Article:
Michelle Stanistreet, NUJ general secretary, said: “We accepted the company’s invitation to talks brokered by Acas, but ultimately, the lack of willingness on the part of Reach chief executive Jim Mullen to budge an inch meant the negotiations were doomed to failure.”

“This is a business with cash in the bank, a business that is happy to spend £7 million on lavish pay packages for its top two executives, a business that is about to hand over a further £4 million to shareholders.

“Yet is also a business that believes its hard-working journalists deserve a whopping real-terms pay cut, and refuses to come to an agreement on pay that will ensure our members can keep themselves and their families afloat this winter.

“It’s shameful that a media company that positions itself as a voice for communities around the UK and Ireland, with many titles that claim to be an ally of working people, would choose to treat its own staff so shabbily.”

She earlier claimed that Mr Mullen “enjoyed a £4 million package from Reach this year, yet is intent on denying journalists a fair pay deal”.

But the largest component of the “£4 million package” – £3.1million – is part of a long-term incentive plan, awarded in shares and not awarded until 2024, it is understood.


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One of the two witnesses
One of the two witnesses
1 month ago

3% is about average for workers (excepting senior management) across the private sector this year. The NUJ can argue for what they want of course, but consider how the press systematically demonises industrial action when it’s miners, firemen, doctors etc. How they try to undermine protestors such as anti-Brexit and climate change protestors.
Whilst these titles are not the worst offenders, there’s certainly an element of pushing an agenda. Previously comfortable thinking they were part of the establishment, punching down, now they know different.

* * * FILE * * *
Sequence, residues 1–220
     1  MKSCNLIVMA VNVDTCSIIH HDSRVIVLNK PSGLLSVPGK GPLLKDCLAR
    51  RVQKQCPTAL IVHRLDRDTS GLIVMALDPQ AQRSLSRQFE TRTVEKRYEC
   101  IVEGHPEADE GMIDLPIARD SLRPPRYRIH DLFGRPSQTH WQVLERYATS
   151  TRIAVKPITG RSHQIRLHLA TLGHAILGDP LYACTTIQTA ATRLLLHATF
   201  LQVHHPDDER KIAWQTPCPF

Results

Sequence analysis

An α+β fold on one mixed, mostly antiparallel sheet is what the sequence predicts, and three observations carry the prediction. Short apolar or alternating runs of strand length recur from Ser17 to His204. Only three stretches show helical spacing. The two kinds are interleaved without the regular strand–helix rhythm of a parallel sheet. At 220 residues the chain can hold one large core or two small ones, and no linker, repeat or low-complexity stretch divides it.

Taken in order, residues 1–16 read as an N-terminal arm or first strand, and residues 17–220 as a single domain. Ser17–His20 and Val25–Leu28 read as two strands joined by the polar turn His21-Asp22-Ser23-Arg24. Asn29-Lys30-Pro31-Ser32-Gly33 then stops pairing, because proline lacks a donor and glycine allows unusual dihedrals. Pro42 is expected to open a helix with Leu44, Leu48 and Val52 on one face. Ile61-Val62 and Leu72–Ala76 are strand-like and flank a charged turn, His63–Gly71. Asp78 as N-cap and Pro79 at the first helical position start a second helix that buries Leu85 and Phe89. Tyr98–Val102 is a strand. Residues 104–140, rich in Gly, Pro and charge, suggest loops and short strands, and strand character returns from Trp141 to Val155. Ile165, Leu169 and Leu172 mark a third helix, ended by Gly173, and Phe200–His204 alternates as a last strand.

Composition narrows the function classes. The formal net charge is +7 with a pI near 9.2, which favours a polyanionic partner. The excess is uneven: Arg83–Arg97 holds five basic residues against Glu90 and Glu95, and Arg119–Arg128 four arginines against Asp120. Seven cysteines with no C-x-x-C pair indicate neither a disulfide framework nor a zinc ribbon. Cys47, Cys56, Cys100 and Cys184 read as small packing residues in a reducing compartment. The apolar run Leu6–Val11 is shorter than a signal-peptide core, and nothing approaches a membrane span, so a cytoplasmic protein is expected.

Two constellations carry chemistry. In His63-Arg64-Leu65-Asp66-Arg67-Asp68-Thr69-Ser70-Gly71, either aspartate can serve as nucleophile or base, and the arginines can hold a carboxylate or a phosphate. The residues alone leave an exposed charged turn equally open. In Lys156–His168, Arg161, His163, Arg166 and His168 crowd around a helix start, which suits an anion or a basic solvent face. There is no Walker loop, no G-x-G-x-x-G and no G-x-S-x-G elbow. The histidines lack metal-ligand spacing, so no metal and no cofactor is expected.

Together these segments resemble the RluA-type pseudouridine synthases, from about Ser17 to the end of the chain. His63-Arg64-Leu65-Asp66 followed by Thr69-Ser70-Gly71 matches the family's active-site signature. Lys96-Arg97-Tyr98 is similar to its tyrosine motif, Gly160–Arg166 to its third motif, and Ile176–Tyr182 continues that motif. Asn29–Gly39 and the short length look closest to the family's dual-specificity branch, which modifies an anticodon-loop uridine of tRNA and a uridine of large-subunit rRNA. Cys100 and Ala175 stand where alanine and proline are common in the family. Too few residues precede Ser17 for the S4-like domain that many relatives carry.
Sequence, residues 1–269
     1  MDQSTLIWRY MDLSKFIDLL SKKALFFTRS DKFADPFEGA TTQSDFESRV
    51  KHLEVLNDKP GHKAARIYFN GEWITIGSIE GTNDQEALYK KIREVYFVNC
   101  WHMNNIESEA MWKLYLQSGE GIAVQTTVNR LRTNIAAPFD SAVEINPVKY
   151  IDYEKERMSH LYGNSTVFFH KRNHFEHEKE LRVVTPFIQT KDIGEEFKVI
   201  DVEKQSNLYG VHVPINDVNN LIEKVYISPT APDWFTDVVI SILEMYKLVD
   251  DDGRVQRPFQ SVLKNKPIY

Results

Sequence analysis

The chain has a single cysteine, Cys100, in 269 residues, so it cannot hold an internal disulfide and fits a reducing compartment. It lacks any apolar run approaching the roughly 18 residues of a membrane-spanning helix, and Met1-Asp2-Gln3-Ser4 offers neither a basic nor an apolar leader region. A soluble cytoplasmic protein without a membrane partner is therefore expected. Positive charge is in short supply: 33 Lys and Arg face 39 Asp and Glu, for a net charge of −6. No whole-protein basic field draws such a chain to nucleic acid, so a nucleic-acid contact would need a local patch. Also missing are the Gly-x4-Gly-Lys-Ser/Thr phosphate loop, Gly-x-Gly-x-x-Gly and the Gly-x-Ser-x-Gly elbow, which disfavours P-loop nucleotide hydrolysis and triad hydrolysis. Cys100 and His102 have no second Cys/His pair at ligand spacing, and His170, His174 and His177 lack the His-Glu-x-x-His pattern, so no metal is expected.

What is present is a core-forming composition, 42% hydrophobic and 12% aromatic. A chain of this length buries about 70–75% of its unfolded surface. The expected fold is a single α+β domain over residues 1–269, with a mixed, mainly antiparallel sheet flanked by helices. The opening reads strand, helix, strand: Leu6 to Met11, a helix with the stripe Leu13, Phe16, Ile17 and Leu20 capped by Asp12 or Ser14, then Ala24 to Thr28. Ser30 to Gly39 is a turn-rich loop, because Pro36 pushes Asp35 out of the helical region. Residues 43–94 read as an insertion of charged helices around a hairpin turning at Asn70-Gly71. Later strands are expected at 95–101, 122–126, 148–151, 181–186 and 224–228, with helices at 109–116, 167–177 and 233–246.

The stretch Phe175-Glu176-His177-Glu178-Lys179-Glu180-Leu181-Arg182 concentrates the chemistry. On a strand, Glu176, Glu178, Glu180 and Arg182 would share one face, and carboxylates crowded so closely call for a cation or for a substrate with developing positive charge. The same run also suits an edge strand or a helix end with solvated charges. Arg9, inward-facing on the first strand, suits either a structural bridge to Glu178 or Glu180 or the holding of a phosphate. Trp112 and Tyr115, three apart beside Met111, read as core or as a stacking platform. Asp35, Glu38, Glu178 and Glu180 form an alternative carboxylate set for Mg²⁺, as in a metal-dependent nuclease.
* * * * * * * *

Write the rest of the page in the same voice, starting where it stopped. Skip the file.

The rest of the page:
Although this is just about pay, I’m reminded of the famous Rev Martin Niemoller quote.

hdavies15
hdavies15
1 month ago

Much of Reach’s output is dire. Here in Wales they seem to subsist on press releases from government departments. Apart from Shipton there is seldom any good old fashioned journo work that gets behind the smokescreens and facades of corporates fib merchants. Too many fine lunches funded by P.R agencies tend to stunt the inquisitive minds.

Leigh Richards
Leigh Richards
1 month ago

Firstly Journos that work for a paper dont determine its editorial line. Secondly i cant ever recall the Mirror or WoL demonising Doctors, Firemen or anti brexit campaigners – quite the opposite in fact! Reach make millions – they can well afford to give journalists a pay rise of more than a measley 3 percent. No idea where pastor Martin Niemoller fits into workers taking industrial action in a bid to get a pay rise to keep up with the worst cost of living crisis in our lifetimes.

Last edited 1 month ago by Leigh Richards
The Original Mark
The Original Mark
1 month ago

Click bait carp, always ready to join in the attacks on Wales, always emphasise the english viewpoint of Welsh news, now they want our support, jog on!